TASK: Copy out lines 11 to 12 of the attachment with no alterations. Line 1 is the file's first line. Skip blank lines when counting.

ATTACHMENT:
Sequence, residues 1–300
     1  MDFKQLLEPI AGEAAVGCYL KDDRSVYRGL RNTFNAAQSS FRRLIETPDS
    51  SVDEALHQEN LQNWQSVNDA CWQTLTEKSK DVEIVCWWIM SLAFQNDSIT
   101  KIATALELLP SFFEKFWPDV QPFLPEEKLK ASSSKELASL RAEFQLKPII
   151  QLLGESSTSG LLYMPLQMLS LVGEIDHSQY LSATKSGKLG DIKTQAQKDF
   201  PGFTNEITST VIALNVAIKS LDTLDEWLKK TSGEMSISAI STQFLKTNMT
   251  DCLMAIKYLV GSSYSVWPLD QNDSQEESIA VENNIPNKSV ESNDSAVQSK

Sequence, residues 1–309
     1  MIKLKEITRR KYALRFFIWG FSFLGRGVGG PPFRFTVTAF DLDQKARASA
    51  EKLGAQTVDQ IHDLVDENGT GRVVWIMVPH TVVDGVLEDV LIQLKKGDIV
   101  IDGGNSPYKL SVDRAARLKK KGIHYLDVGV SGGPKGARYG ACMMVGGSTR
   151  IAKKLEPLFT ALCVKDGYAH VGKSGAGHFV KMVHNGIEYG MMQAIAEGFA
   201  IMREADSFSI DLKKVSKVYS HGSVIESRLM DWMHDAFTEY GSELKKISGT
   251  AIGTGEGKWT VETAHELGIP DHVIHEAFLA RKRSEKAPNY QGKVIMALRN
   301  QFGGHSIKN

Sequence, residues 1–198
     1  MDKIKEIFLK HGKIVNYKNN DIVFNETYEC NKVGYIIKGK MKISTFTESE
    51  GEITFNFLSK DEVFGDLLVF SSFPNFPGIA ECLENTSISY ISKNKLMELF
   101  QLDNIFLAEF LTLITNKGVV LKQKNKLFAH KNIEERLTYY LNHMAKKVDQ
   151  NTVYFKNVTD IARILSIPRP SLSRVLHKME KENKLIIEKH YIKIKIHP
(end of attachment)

   101  IDGGNSPYKL SVDRAARLKK KGIHYLDVGV SGGPKGARYG ACMMVGGSTR
   151  IAKKLEPLFT ALCVKDGYAH VGKSGAGHFV KMVHNGIEYG MMQAIAEGFA